Edinburgh. Humza Yousaf, until now the head of the Scottish regional government’s Health, was chosen by the SNP on Monday to succeed Nicola Sturgeon at the head of the formation and independent executive with a promise to “achieve independence”.
The 37-year-old politician was elected with 52 percent of the votes of members of the Scottish National Party (SNP) at the end of an internal vote that lasted 15 days. He also becomes the first Muslim to lead a political major in the United Kingdom.
Yousaf will be appointed chief regional executive by the Scottish Parliament on Tuesday, following the sudden resignation in February of Sturgeon, 52, who has ruled Scotland since 2014.
The regional government of this nation with 5.5 million inhabitants is responsible for key issues such as education, health and justice.
But the appointment of a new leader is important for the future of Britain, where divisions between the four nations – England, Wales, Scotland and Northern Ireland – have been exacerbated by Britain’s effective departure from the European Union.
“The Scottish people need independence now more than ever and we will be the generation to get it,” Yousaf said after his election.
The British government rejected this new call for self-determination.
People want politicians “to focus on the issues that matter most, lower inflation, cost of living, reducing delays” in hospitals, Prime Minister spokesman Rishi Sunak said, “willing to work” with Yousaf on these issues.
During her eight years in power, Sturgeon consistently defended the independence program at the center, but in recent times this has lost steam.
According to a YouGov poll on March 13, 4 percent of respondents, up from 50 percent in February, favored independence. Including the incident, the proportion falls to 39 percent.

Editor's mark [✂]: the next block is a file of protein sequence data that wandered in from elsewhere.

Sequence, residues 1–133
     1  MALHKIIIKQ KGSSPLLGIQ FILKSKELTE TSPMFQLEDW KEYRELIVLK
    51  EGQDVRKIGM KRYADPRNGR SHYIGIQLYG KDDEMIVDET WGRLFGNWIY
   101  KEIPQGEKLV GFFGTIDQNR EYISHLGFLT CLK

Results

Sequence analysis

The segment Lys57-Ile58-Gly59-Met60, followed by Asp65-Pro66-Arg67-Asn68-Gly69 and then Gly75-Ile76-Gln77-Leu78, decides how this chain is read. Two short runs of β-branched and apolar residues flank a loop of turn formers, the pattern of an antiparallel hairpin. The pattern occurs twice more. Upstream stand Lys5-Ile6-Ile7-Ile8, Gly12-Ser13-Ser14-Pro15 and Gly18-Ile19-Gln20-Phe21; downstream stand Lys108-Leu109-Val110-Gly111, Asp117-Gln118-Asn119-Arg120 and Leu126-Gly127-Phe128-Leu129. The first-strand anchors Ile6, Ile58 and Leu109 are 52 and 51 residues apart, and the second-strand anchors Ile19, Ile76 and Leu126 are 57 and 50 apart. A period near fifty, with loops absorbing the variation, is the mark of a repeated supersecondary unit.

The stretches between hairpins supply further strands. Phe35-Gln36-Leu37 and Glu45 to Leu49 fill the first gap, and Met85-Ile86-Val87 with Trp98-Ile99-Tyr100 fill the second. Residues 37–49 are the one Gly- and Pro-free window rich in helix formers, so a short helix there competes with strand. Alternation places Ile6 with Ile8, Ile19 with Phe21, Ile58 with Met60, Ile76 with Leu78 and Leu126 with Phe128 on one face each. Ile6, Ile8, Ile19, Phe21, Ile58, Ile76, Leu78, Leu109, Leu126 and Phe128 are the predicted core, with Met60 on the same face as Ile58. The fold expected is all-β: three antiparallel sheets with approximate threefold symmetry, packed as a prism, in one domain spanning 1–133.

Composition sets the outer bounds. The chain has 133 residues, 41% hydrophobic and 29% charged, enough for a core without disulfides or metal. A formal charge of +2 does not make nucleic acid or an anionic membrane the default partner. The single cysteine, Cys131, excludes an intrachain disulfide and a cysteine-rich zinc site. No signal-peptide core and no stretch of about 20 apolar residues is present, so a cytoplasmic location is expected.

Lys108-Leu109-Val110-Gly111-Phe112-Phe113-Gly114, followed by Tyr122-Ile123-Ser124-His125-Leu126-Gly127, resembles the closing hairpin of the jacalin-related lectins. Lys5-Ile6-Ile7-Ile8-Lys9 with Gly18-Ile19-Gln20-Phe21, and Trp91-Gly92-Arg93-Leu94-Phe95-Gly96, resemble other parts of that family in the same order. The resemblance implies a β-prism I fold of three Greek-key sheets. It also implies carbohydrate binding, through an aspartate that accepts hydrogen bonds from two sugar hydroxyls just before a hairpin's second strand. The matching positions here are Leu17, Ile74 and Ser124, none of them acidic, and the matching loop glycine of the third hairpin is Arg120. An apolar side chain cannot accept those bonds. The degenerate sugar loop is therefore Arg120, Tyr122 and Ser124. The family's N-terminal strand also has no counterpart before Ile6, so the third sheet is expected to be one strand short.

Scotland held a referendum in 2014, in which only 45 percent of Scots voted to leave the UK.
However, the cause of independence was revived with Brexit, which was opposed by 62 per cent of Scots, and the SNP defended a break with London in order to return to the European Union.
During the election campaign, Yousaf argued that the party spent too much time criticizing the wrongdoings of the British central government and not enough to create a vision of an independent Scotland.
Sturgeon announced her resignation on the 15th of March with the surprise of everyone, explaining that she no longer had the necessary energy after the wear and tear of two terms, whose last months were marked by serious setbacks.
His popularity began to decline as a result of the controversial Scottish law, which was passed without medical advice and from the age of 16 to facilitate sex change, and earned him the most bitter criticism from the feminist parties to whom he had always felt close.
Last year, the British High Court also ruled that the Scottish government could not hold a new independence referendum without the agreement of London, which is highly objectionable.
However, the leader claimed to have “full confidence” in his successor leading Scotland to independence.
Born in Glasgow, Yousaf took the oath in English and Urdu when he was elected to the Scottish Parliament in 2011, in honor of his paternal grandfather, who emigrated 60 years ago.
“They didn’t think in their wildest dreams that their grandson would be Prime Minister of Scotland the next day,” said the politician, who explained that he was a racial victim, especially after the attacks on September 11, 2001 in the United States.